Those of you who have seen my house will understand that I am already okay with things not being perfect. But what about expecting your children to be perfect?
There’s a short story that I’ve always loved, though I can’t remember for the life of me who wrote it or what it was called. It was about a perfect little girl who never misbehaved and never lost her temper. This level of perfection naturally caught the attention of and annoyed the devil, who became determined to make her crack it (I can’t remember if there was some deal where he got her soul if she lost her rag, or if it was a slow week in hell and he just needed a new project). He made everything go wrong for her. I especially remember he made her dolls fall in the mud and get stepped on by horses. But every time this little girl pulled a Pollyanna on him and didn’t lose her temper. Eventually the devil hit upon a long-term plan, which worked a treat and made this little-girl-now-woman absolutely furious.
He gave her a perfect husband.
He gave her a perfect house.
……..And he gave her a “fair-to-middling” child.
I love it. It’s such an evil little story. And I love the idea that the best way to piss off a perfect person is to give them something that everyone else would be quite happy with.
Although maybe not, as according to the tv, most parents these days require their children to become Prime Minister. These little tackers are either going to have to share the role or become leaders of different countries, because there just isn’t enough Prime Ministership to go round that many kids. Paul and I recently watched “Life at One”, a production about child development that follows a bunch of kids and their parents from birth (they’re up to “Life at Three” now). When the parents were asked what they wanted for their children, a scary amount of them said they wanted their child to be “healthy”, “confident” and “leaders”.
Paul and I look at each other in horror. “I don’t want to be a confident leader,” I said. “Neither do I,” says Paul. Is anyone going to mention that they’d like their child to be “happy”? Nope. Or maybe “happy” is supposed to be an exclusive result of combining those other three terms.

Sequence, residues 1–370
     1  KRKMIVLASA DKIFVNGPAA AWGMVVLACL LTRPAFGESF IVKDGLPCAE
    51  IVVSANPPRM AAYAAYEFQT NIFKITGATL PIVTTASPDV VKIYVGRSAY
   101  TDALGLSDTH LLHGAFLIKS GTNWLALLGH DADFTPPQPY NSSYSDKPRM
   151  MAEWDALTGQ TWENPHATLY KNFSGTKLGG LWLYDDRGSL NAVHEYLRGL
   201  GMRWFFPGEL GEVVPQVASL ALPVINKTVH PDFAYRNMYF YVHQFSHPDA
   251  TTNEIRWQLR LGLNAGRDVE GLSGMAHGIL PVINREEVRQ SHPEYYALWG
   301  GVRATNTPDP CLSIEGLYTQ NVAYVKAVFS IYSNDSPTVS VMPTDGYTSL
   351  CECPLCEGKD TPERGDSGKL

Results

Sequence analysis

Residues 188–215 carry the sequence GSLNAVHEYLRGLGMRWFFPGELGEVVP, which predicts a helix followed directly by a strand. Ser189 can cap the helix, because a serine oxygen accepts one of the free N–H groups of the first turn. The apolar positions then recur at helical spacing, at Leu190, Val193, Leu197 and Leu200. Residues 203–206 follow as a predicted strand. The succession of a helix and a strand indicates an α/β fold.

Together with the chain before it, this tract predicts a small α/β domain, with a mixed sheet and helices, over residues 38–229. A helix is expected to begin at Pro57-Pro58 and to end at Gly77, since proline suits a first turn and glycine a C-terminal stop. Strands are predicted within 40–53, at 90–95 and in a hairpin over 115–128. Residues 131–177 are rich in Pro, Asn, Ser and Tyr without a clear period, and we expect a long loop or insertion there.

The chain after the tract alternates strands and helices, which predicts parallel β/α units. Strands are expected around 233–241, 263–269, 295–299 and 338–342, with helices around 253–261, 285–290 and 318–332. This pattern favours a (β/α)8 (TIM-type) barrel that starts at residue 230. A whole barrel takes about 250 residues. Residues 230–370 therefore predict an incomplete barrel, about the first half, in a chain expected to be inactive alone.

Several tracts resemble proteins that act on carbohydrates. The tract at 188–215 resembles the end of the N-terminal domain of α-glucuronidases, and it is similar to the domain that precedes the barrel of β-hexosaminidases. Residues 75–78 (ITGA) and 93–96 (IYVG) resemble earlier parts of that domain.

I want most for my child to be happy. Healthy is good too. If being a confident leader makes him happy, I can deal with that. But if we all give birth to confident leaders, the amount of public speaking competitions in high school will soon reach critical mass, and might distract from the importance of sporting events.
Here’s to shy children.
Here’s to children who quietly hold their own opinions.
Here’s to children who quietly hold no opinions at all.
Here’s to children who say “I don’t know” in answer to every question they’re asked, because it’s easier or they’re embarrassed or they can’t be bothered.
Here’s to children who, to quote Tripod, aren’t ahead of the pack. They’re just with the pack. Towards the back.
Here’s to children who don’t know what they want to be when they grow up, and still don’t know when they are grown up.
Here’s to easy-going children.
Here’s to children who do what they think they want to do (which may even involve enrolling in a course that doesn’t take full advantage of their VCE score).
Here’s to them changing their minds and doing something completely different.
And here’s to fair-to-middling children. May they piss off perfectionists and give the devil his due.